|Region||Dominican Republic and Dominican diaspora|
|Part of a series on|
Vodun related religions called
Dominican Vudú is composed of three main divisions and an annexed extra: Rada Division also known as the white or sweet division, whose spirits are of African origin (usually Fon, Ewe and Nago spirits); the Petro Division also known as the fire or bitter division (mostly of Bantu origin spirits); the Gede Division also called black division (whose spirits deal with death and the ancestors); and lastly the Native American Division also called the water division, whose spirits are of Pre-Columbian origin (usually refers to Taíno ancestral spirits of the island). Most spirits are syncretized with a catholic saints image. These are some of the main features that distinguishes Dominican Vudú from other forms of Vodoo. Some major deities venerated in Dominican Vudú include:
Dominican Vudú music uses Afro-Caribbean percussion, a lot of times it is played with drums popularly known as "Atabales or Palos", which are of Kongo origin; along with it a Guira (metal scraper). The drummers are known as "Paleros", the ceremonies which they perform are usually referred to as "Fiesta de Palo" or "Maní". Some of the most popular artists to record this music are Enerolisa Nuñez  and Bembesito.
Dominican Vudú is practiced through a Tcha-Tcha (“maraca” – which means rattle) lineage. In Haiti, Vodoo has come about and become more popular through another lineage known as the Asson. However, before the Asson, the Tcha-Tcha lineage was the prominent lineage in Haiti. Thus the Tcha-Tcha lineage is one of the oldest lineages within the Vodou tradition all over the island.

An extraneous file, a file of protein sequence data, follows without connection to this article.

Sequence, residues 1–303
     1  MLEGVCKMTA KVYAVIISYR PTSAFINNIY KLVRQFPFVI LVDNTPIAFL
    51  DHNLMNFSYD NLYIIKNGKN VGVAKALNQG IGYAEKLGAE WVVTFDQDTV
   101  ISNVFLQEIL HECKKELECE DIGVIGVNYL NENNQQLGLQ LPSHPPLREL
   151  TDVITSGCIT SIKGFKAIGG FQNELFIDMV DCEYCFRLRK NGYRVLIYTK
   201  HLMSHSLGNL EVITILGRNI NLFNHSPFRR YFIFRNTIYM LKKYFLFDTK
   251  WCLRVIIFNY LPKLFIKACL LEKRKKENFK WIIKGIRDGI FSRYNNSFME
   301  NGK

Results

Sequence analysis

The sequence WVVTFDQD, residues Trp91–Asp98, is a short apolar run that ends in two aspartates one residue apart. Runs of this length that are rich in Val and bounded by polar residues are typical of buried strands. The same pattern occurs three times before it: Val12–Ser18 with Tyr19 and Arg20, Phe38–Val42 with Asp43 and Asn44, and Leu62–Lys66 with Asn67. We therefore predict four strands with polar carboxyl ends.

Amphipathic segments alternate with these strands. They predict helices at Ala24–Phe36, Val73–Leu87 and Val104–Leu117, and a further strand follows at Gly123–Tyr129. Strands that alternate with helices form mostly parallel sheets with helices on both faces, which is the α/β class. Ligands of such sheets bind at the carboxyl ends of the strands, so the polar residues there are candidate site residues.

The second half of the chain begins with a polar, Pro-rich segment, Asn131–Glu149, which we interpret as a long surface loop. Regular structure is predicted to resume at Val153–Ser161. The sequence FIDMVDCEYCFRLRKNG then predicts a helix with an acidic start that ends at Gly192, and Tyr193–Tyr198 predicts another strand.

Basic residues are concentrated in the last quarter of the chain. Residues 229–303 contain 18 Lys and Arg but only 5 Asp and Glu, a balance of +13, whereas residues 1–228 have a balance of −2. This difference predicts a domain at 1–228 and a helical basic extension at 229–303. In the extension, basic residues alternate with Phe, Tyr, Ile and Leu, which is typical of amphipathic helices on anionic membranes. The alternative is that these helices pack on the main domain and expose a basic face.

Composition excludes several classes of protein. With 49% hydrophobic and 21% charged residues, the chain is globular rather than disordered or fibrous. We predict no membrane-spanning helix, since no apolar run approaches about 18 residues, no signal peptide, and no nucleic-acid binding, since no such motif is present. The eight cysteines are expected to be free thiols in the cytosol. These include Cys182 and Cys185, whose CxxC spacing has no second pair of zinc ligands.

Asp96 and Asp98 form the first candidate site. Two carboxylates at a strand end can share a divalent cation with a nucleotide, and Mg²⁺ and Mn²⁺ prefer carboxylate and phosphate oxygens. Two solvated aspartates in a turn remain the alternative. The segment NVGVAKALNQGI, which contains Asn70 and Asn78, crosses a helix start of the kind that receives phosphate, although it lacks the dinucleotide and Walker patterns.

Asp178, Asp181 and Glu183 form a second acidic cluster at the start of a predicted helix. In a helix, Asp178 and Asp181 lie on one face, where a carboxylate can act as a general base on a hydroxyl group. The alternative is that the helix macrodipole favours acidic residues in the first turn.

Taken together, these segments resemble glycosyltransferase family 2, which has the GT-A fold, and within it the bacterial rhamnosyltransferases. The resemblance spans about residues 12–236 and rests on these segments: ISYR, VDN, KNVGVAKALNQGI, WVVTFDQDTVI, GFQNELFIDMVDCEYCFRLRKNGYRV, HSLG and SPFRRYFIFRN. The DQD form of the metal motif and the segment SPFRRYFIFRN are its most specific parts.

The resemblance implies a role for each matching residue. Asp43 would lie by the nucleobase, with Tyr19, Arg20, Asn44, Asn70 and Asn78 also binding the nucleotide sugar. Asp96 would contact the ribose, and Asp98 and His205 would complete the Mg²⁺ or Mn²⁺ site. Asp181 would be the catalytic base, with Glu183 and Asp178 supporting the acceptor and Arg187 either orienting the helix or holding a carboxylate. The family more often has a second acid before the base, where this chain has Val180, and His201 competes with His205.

Dominican Vudú practitioners are often called "Caballos”, "Brujos" or "Servidores" but they are also known as Papa Bokos and Papa Loa (masculine); and Mama Mambos and Mama Loa (feminine). One who has obtained this title has gone through the last and highest level of initiation that can take anywhere between 3 and 9 days and nights as well as have spent a time working for the community.
Dominican Vudú is less uniform in comparison to the popularly known Haitian lineage called "Assogwe". There is much regional variation in the Dominican Republic and parts of Haiti, one will still surely find a base structure throughout the island that defines and connects all lineages. Altars or shrines range from shacks, to compounds, or even dedicated temples. There is also variations in how ceremonies are conducted or how "caballos" (horse of the spirit) may mount a specific Loa. In conclusion Differences depend on lineage and or region of practice no matter if in Haiti or the Dominican Republic. It is said that Vodou on the island is a big tree with many branches.